IUCN Category II - National Park

National Park with skyline of Nairobi

The Nairobi National Park is Kenya's first national park and was opened in 1946. The national park is home to about 80 species of mammals and over 500 bird species. He is one of the most successful conservation areas for rhinos in Kenya.

The park is only about 7 km from the city center of Nairobi, the capital of Kenya, away. The skyline of the city can be seen from the park. Only a fence separates the animals from the city. This proximity conflicts with the local population, mainly because it endangers the migration routes of herds of ungulates.

In 1989, the then President Daniel arap Moi publicly ivory worth 760,000 U.S. dollars was burned in the Nairobi National Park to make a stand against poaching. To this day, a memorial to this event.


The Nairobi National Park is 117 km ². Thus, this park is very small in relation to other African national parks. The height above sea level moves 1533-1760 m. The climate is dry. The park is the only protected area of ​​the Athi - Kapiti ecosystem. It hosts a wide range of species. In the north, east and west of the park is bordered by an electric fence. In the south of Mbagathi River forms a natural border. This open border allows the migration of large herds of ungulates.

Plant world

The majority of the park consists of savannah, ie open grassland with sparse acacia stock. To the west of the park is a highland with extensive forests of olive ( Olea africana), muhuhu ( Brachylaena huillensis ) and Calodendrum trees ( Calodendrum capense ) and Croton bushes ( Croton dichogamus ). The park is crossed by some valleys with seasonal water-bearing rivers. In the valleys grow acacia and euphorbia trees (Euphorbia candelabrum ). In the south of the park there is also a river with riparian forests, which leads durable water. Many species of plants that grow in the park, not only in the region of Nairobi a rarity, such as Euphorbia brevitorta, Drimia calcarata and Murdannia clarkeana.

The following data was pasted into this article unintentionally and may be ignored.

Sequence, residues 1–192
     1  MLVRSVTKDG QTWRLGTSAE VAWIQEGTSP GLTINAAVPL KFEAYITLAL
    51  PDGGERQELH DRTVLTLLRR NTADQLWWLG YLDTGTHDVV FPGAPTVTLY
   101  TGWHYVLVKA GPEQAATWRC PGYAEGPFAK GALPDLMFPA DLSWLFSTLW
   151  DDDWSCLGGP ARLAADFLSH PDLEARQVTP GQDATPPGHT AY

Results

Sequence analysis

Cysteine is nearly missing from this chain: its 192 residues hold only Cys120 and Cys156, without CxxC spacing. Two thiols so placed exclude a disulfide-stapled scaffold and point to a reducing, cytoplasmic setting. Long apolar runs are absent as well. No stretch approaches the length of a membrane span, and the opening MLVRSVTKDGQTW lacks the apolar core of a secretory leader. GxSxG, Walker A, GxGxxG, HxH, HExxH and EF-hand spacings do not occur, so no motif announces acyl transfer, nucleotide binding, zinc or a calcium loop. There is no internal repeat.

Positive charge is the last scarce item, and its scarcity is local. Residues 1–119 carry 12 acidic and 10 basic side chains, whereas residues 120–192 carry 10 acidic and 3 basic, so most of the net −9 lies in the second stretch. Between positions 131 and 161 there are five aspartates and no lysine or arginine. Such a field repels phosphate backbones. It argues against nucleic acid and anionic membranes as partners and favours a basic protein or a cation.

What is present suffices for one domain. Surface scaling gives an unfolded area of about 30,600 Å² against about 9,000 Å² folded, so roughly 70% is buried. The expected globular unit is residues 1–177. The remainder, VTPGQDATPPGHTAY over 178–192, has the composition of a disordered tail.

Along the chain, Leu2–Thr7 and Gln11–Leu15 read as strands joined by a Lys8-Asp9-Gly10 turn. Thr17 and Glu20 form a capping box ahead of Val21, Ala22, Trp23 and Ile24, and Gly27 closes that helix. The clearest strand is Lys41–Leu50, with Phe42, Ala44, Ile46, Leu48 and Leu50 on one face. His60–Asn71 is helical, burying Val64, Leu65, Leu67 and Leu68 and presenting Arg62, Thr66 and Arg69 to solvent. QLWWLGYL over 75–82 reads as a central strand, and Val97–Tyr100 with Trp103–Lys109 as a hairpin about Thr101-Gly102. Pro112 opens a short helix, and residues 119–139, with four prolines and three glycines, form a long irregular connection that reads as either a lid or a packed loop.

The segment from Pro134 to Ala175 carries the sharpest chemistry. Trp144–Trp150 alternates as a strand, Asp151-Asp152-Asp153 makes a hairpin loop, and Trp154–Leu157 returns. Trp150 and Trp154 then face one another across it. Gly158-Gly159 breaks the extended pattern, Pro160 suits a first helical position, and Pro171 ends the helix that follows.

The park has a large and diverse wildlife population. For elephants, the park is too small, but lions, leopards, cheetahs, ostriches, hippos, Masai giraffes, gazelles, wildebeest and cape buffalo example, can be observed with a little patience. The Nairobi National Park is also a very successful sanctuary for black rhinos ( Black Rhinoceros, Diceros bicornis). He is one of the few parks where black rhinos are found in natural surroundings.

Most animals can be seen all year round in the park, a few herd animals such as zebras and antelopes come only in the dry season in the park, when many water points have dried up outside the park. Due to many small dams along the river Mbagathi the park has more water resources than the regions outside. These man-made dams have also created an attractive habitat for many birds and aquatic animals. In the spring, especially many young animals can be observed.

The park is also a world-famous sanctuary for elephants and rhino pups (David Sheldrick Wildlife Trust ). Sick or orphaned pups are raised here by hand. This station is run by Daphne Sheldrick and is open to visitors one hours open daily. Daphne Sheldrick is considered the " mother of the elephant " and is internationally recognized as an expert.